According to the Wall Street Journal, those citing the FBI background checks as evidence that Brett Kavanaugh has been cleared over and over, and that the activities he’s been accused of in high school could not have happened are missing two critical things. Unless specially instructed, the FBI investigations do not look into things that happened before the person being investigated was 18. That’s true even of Supreme Court nominees.
And the idea that a background check would have spontaneously surfaced accusations like those of Dr. Ford is simply not true. The background check is “largely based off a form called the SF-86—which a nominee him or herself fills out.” So if Kavanaugh didn’t get the FBI the information suggesting that Christine Blasey Ford (or Deborah Ramirez or anyone else) had a role in his life after the age of 18, it’s unlikely they would have been contacted.
The form mostly contains standard information that might appear on a resume or job application—places of residence, schools attended, military history, and a detailed employment history including positions and why the applicant left each job. Thirty-four pages down the form comes a section for “People who know you well.” Which provides names for three character witnesses. There’s a lengthy section for listing relatives. Another section for any foreign contacts, travel, business, or other overseas activities. There’s a section in which the applicant is asked to report on his or her own mental and physical health. They’re asked about any police record, previous actions, memberships in terrorist organizations and asked (a lot) about any use of illegal drugs. There’s also a section asking about the use of alcohol—a section of the report in which Kavanaugh’s responses might be interesting.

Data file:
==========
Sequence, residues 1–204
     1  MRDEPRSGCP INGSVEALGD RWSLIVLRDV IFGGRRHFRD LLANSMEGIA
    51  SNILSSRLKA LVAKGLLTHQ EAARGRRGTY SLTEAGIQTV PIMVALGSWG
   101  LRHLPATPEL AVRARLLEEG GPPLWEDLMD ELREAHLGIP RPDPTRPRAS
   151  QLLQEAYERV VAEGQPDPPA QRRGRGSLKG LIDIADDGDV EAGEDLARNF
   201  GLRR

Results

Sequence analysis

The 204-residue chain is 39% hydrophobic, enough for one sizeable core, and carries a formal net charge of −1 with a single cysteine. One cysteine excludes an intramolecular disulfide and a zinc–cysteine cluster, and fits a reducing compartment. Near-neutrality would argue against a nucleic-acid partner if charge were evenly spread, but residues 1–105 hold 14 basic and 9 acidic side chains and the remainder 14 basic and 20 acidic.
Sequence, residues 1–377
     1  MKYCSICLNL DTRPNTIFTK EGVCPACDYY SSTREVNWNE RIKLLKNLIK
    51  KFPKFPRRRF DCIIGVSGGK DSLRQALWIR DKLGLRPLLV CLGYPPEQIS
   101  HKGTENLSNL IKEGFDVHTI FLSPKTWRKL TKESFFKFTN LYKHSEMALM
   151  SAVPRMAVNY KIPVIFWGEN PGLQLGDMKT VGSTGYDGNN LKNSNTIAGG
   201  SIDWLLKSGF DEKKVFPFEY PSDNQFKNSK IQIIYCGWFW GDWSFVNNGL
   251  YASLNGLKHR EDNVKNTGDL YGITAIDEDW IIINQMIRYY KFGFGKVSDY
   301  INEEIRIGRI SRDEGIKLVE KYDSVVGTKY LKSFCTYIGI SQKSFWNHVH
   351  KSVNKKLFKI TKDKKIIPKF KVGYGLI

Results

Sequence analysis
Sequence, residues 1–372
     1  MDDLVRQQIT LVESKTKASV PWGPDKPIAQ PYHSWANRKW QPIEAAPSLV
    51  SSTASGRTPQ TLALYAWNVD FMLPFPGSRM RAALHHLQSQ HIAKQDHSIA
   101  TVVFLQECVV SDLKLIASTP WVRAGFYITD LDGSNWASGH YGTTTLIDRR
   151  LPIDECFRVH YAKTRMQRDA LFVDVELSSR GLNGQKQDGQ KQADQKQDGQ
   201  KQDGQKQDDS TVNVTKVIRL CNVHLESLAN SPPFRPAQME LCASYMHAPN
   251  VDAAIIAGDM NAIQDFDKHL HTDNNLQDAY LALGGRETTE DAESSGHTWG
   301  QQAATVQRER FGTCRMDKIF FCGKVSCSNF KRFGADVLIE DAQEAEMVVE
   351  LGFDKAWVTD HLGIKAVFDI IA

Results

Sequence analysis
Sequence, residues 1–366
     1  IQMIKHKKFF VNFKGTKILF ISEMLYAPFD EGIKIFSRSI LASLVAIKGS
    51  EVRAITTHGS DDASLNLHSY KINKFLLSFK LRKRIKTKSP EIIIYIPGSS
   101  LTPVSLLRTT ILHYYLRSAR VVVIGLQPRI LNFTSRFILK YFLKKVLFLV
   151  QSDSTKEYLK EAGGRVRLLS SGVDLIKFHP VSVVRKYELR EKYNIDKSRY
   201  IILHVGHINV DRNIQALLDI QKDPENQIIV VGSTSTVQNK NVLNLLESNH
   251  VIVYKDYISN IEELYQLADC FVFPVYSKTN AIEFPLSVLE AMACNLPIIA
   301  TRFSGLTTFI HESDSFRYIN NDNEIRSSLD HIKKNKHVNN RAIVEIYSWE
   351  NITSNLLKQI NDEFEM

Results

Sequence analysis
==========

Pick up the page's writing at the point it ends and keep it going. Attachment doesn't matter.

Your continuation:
What’s not there is anything that would have likely turned up the names of any of the women now making accusations. It also seems unlikely that the FBI asked anyone about the high school parties that have been the focus of several accusations.
Because those aren’t the kind of things surfaced in standard background checks. They come from thorough investigations.